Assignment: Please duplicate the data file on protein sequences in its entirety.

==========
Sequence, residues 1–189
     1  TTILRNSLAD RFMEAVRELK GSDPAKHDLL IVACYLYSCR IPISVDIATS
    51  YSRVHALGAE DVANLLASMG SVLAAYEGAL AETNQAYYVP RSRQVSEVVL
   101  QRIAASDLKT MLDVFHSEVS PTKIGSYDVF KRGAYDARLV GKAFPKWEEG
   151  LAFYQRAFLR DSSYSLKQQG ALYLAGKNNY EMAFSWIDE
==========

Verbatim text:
Sequence, residues 1–189
     1  TTILRNSLAD RFMEAVRELK GSDPAKHDLL IVACYLYSCR IPISVDIATS
    51  YSRVHALGAE DVANLLASMG SVLAAYEGAL AETNQAYYVP RSRQVSEVVL
   101  QRIAASDLKT MLDVFHSEVS PTKIGSYDVF KRGAYDARLV GKAFPKWEEG
   151  LAFYQRAFLR DSSYSLKQQG ALYLAGKNNY EMAFSWIDE